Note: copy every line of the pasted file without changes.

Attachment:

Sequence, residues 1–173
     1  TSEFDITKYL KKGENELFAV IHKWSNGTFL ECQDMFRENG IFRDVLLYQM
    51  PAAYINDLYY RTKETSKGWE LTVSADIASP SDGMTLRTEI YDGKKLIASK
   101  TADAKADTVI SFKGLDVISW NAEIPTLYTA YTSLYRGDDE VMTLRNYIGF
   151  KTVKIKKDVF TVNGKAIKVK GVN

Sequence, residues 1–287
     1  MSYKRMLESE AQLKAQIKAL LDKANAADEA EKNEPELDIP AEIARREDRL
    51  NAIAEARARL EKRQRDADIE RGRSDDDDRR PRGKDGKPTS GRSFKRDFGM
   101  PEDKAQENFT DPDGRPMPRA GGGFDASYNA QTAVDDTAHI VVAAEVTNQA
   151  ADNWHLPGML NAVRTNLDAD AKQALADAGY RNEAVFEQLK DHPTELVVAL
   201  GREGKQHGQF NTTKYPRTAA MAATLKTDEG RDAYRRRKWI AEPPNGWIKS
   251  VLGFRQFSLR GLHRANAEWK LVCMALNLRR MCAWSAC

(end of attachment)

Sequence, residues 1–173
     1  TSEFDITKYL KKGENELFAV IHKWSNGTFL ECQDMFRENG IFRDVLLYQM
    51  PAAYINDLYY RTKETSKGWE LTVSADIASP SDGMTLRTEI YDGKKLIASK
   101  TADAKADTVI SFKGLDVISW NAEIPTLYTA YTSLYRGDDE VMTLRNYIGF
   151  KTVKIKKDVF TVNGKAIKVK GVN

Sequence, residues 1–287
     1  MSYKRMLESE AQLKAQIKAL LDKANAADEA EKNEPELDIP AEIARREDRL
    51  NAIAEARARL EKRQRDADIE RGRSDDDDRR PRGKDGKPTS GRSFKRDFGM
   101  PEDKAQENFT DPDGRPMPRA GGGFDASYNA QTAVDDTAHI VVAAEVTNQA
   151  ADNWHLPGML NAVRTNLDAD AKQALADAGY RNEAVFEQLK DHPTELVVAL
   201  GREGKQHGQF NTTKYPRTAA MAATLKTDEG RDAYRRRKWI AEPPNGWIKS
   251  VLGFRQFSLR GLHRANAEWK LVCMALNLRR MCAWSAC